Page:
# Day 05 - Binary Boarding

## Puzzle

You board your plane only to discover a new problem: you dropped your boarding pass! You aren't sure which seat is yours, and all of the flight attendants are busy with the flood of people that suddenly made it through passport control.

You write a quick program to use your phone's camera to scan all of the nearby boarding passes (your puzzle input); perhaps you can find your seat through process of elimination.

Instead of zones or groups, this airline uses binary space partitioning to seat people. A seat might be specified like FBFBBFFRLR, where F means "front", B means "back", L means "left", and R means "right".

The first 7 characters will either be F or B; these specify exactly one of the 128 rows on the plane (numbered 0 through 127). Each letter tells you which half of a region the given seat is in. Start with the whole list of rows; the first letter indicates whether the seat is in the front (0 through 63) or the back (64 through 127). The next letter indicates which half of that region the seat is in, and so on until you're left with exactly one row.

For example, consider just the first seven characters of `FBFBBFFRLR`:

• Start by considering the whole range, rows 0 through 127.
• F means to take the lower half, keeping rows 0 through 63.
• B means to take the upper half, keeping rows 32 through 63.
• F means to take the lower half, keeping rows 32 through 47.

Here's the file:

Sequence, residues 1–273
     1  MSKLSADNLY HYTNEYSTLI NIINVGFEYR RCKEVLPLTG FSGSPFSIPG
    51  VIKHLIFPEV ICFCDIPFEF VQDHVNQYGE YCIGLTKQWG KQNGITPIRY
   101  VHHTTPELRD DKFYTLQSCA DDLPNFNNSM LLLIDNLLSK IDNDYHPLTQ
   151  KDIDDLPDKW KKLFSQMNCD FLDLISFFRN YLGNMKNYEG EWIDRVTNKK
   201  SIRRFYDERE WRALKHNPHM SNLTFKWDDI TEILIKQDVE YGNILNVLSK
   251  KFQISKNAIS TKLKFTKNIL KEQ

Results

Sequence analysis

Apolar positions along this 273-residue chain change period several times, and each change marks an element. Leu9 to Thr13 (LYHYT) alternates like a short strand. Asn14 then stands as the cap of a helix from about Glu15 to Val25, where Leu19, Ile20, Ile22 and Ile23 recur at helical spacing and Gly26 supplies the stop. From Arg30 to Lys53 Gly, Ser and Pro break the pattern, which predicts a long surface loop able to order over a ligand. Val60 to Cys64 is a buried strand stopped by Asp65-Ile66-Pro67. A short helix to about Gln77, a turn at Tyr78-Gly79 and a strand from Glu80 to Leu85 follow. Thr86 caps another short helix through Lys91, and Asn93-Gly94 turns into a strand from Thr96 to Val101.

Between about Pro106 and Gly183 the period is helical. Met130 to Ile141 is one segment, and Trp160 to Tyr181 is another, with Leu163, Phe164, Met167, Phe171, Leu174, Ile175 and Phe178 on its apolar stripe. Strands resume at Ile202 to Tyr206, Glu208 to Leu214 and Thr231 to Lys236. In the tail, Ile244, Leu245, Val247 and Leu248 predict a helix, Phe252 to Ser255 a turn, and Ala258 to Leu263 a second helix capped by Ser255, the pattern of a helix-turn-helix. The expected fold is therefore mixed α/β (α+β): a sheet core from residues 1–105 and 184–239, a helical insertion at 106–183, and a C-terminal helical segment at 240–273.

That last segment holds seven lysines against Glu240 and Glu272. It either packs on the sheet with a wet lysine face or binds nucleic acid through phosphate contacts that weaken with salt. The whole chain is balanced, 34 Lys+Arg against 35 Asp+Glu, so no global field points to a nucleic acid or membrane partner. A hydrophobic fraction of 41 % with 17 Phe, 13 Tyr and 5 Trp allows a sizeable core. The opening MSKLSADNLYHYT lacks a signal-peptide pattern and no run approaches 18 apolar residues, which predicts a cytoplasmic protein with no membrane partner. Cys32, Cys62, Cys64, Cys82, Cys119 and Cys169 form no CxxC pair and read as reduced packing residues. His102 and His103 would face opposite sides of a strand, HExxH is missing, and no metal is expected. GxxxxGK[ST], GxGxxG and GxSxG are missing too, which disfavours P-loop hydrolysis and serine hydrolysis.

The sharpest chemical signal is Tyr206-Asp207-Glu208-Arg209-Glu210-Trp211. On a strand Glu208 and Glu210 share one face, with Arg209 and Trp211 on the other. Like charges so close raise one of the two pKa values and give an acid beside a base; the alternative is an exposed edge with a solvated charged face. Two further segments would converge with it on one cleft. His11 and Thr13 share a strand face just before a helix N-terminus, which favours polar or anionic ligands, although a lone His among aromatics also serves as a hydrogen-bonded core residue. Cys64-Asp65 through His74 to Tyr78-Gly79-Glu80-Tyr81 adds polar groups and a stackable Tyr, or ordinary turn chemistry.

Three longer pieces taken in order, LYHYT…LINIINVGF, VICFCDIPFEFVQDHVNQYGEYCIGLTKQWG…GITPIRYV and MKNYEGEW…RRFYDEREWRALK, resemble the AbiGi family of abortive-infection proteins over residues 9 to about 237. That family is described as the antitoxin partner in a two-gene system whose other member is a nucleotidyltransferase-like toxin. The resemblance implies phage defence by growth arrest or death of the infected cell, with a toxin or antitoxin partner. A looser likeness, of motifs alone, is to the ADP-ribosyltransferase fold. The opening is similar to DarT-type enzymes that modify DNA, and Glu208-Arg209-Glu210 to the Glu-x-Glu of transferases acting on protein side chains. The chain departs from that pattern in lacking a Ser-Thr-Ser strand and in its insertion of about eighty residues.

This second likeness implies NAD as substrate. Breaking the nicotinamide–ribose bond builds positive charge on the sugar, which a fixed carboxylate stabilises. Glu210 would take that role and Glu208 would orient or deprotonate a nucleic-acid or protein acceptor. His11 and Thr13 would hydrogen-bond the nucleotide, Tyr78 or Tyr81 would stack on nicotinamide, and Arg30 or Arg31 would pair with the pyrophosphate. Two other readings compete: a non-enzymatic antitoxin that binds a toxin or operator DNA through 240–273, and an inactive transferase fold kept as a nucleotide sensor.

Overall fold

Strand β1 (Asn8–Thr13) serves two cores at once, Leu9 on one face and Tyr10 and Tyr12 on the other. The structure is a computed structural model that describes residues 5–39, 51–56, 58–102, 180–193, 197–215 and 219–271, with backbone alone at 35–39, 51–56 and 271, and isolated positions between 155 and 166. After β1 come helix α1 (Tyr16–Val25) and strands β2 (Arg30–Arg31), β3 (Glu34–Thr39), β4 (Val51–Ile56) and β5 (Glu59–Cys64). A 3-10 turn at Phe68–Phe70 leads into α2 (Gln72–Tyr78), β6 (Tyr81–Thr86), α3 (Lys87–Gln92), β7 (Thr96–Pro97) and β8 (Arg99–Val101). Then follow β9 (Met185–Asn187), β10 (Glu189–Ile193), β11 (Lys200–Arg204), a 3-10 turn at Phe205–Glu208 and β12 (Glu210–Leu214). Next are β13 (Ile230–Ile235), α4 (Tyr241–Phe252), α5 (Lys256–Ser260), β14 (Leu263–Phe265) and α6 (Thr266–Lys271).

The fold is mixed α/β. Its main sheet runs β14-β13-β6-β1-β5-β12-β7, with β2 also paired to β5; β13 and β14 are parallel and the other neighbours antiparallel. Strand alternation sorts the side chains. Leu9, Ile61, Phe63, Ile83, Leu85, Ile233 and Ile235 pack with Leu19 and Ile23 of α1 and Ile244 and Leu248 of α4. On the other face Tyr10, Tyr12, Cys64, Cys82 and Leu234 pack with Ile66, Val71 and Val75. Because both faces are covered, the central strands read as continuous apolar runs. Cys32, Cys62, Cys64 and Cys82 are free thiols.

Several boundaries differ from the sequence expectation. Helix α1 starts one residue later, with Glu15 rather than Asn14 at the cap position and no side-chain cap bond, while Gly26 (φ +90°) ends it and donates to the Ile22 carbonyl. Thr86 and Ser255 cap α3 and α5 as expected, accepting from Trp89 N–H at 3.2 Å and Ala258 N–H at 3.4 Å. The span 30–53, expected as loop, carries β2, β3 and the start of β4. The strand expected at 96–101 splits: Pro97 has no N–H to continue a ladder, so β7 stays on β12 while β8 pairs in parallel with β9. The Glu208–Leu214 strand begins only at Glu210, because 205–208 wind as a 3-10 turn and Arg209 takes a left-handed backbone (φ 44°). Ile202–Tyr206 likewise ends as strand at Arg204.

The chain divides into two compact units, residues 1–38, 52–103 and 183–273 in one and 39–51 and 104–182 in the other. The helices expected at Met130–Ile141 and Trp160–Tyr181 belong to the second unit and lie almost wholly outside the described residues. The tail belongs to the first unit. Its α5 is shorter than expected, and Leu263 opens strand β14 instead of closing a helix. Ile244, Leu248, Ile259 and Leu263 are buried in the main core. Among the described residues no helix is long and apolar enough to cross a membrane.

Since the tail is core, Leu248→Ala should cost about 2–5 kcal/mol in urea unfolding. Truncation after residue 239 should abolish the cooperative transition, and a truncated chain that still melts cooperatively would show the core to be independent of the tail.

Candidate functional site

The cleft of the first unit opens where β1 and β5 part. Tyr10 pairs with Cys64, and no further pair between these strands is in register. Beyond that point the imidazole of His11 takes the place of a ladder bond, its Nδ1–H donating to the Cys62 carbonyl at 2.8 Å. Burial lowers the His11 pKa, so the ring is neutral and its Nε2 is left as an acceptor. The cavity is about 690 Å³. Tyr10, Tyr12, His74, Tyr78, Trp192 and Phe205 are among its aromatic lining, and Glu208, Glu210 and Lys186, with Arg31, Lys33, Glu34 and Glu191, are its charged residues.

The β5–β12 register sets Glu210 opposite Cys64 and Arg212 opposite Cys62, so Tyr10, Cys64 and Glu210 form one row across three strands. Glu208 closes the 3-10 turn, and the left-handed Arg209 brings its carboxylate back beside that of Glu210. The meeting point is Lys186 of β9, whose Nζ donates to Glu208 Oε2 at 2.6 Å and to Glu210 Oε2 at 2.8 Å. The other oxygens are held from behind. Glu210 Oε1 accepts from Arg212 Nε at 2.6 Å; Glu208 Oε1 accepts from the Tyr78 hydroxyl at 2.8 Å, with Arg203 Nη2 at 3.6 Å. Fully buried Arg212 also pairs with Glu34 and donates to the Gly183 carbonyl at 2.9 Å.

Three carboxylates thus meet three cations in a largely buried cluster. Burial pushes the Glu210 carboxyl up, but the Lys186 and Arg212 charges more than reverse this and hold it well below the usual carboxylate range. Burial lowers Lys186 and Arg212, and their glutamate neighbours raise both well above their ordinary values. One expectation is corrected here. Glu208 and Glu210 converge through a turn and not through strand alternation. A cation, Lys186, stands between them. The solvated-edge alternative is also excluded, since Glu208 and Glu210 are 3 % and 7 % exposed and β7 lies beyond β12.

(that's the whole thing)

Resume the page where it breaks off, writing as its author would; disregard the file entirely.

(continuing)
• B means to take the upper half, keeping rows 40 through 47.
• B keeps rows 44 through 47.
• F keeps rows 44 through 45.
• The final F keeps the lower of the two, row 44.

The last three characters will be either L or R; these specify exactly one of the 8 columns of seats on the plane (numbered 0 through 7). The same process as above proceeds again, this time with only three steps. L means to keep the lower half, while R means to keep the upper half.

For example, consider just the last 3 characters of `FBFBBFFRLR`:

• Start by considering the whole range, columns 0 through 7.
• R means to take the upper half, keeping columns 4 through 7.
• L means to take the lower half, keeping columns 4 through 5.
• The final R keeps the upper of the two, column 5.

So, decoding `FBFBBFFRLR` reveals that it is the seat at row 44, column 5.

Every seat also has a unique seat ID: multiply the row by 8, then add the column. In this example, the seat has ID `44 * 8 + 5 = 357`.

Here are some other boarding passes:

• `BFFFBBFRRR`: row 70, column 7, seat ID 567
• `FFFBBBFRRR`: row 14, column 7, seat ID 119.
• `BBFFBBFRLL`: row 102, column 4, seat ID 820.

As a sanity check, look through your list of boarding passes. What is the highest seat ID on a boarding pass?

### Part 2

Ding! The "fasten seat belt" signs have turned on. Time to find your seat.

It's a completely full flight, so your seat should be the only missing boarding pass in your list. However, there's a catch: some of the seats at the very front and back of the plane don't exist on this aircraft, so they'll be missing from your list as well.

Your seat wasn't at the very front or back, though; the seats with IDs +1 and -1 from yours will be in your list.